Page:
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A new study shows that divorce wreaks havoc on diet, but only for men.
Divorce drastically changes a number of things: living situations, family relations, and, you might assume, how you eat. A new study suggests that divorce wreak does indeed wreak havoc on diet, but only for men.
The results, published in the journal Social Science and Medicine, showed that after the end of a marriage, women's diets don't change significantly, while some men's deteriorate so dramatically it could have clinical ramifications. As The Wall Street Journal reports, the study focused on how changes in marital status—including divorce, separation, and death of a spouse—affect the way they eat.
The healthfulness of the participants' diet was measured by the amount and variety of vegetables and fruits eaten. The 11,577 participants between the ages of 40 and 80 were given diet assessments from 1993-1997 and again from 1998-2002. At the time of the first assessment, 89 percent of men and 78 percent of women were married. Over the next 4 years, 2.4 percent of men and 4.5 percent of women became separated, divorced, or widowed—the group from which the study drew their data.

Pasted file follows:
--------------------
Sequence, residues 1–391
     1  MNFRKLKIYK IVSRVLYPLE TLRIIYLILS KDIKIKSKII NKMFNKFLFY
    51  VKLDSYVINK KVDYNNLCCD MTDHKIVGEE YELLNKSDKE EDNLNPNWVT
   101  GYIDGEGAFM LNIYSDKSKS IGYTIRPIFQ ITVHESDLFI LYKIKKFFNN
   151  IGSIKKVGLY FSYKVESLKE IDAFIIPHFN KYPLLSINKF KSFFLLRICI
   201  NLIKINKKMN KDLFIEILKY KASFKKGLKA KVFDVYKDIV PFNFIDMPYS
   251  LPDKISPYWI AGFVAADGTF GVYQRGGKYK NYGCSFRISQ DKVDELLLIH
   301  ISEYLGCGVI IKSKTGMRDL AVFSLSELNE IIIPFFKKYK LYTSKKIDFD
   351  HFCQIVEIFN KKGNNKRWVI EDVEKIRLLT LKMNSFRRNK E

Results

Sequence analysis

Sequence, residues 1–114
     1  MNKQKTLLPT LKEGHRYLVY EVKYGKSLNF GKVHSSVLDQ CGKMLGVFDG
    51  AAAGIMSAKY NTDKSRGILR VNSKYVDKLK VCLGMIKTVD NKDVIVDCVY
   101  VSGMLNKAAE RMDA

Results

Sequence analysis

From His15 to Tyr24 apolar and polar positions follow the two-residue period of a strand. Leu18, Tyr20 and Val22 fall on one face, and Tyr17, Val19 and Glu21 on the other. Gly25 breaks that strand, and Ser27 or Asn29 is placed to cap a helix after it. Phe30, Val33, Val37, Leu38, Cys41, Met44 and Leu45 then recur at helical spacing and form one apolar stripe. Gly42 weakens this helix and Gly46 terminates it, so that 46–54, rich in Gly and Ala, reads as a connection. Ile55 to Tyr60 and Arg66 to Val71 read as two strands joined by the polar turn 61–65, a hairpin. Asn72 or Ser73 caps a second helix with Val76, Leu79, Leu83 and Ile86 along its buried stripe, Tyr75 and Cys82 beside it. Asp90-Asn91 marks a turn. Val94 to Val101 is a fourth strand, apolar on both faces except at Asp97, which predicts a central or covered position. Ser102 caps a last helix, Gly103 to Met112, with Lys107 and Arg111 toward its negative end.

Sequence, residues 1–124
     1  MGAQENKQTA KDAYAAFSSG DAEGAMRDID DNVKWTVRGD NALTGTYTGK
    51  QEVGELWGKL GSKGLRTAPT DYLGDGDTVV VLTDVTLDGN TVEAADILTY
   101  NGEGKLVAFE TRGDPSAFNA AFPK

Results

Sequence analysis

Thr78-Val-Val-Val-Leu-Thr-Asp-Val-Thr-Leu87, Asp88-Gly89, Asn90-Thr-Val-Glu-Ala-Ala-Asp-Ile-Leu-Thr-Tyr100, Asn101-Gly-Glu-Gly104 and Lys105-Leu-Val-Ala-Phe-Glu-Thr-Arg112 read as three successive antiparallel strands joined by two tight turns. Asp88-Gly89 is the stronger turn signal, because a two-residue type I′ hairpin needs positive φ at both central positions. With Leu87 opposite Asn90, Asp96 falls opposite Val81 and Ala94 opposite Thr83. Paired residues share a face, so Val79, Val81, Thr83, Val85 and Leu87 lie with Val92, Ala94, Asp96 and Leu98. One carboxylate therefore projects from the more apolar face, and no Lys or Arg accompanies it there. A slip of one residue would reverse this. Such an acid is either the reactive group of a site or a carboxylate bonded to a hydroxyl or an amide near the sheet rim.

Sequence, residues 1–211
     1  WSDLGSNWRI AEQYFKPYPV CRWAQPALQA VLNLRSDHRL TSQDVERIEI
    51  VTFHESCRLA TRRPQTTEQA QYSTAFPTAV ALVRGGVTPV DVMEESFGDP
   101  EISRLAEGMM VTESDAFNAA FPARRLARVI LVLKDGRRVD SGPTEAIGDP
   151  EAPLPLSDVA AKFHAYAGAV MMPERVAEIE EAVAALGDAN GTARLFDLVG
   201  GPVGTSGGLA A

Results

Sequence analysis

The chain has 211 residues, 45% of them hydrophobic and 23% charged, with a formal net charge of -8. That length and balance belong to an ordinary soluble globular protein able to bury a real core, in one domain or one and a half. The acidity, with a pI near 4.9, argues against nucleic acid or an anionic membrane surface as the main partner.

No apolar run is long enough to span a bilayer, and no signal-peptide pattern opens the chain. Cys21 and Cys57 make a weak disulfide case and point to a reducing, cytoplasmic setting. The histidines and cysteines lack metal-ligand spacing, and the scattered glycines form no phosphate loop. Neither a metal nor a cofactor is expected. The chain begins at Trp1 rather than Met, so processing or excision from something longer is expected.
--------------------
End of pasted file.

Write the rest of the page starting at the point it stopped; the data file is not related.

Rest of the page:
In male study participants who went through a change in marriage status, post-marriage fruit and vegetable consumption was reduced by about 25 percent, and their diets overall became less varied. However, this trend wasn't reflected in the diets of women.
"For this generation, born in the 1920s to 1960s, food skills and behaviors would have been highly gendered, with women having primary responsibility for shopping and preparing meals," says lead author Pablo Monsivais of the possible reason men's diets change while women's stay the same.
In terms of alcohol, the amount women drank every week reduced by about one drink from when they were married, and men's alcohol consumption stayed the same. While the length and quality of the marriage and the reason for the marriage's end wasn't taken into account throughout the study, one thing is certain: Many men could use a lesson in healthful eating before the divorce papers are signed, sealed, and delivered.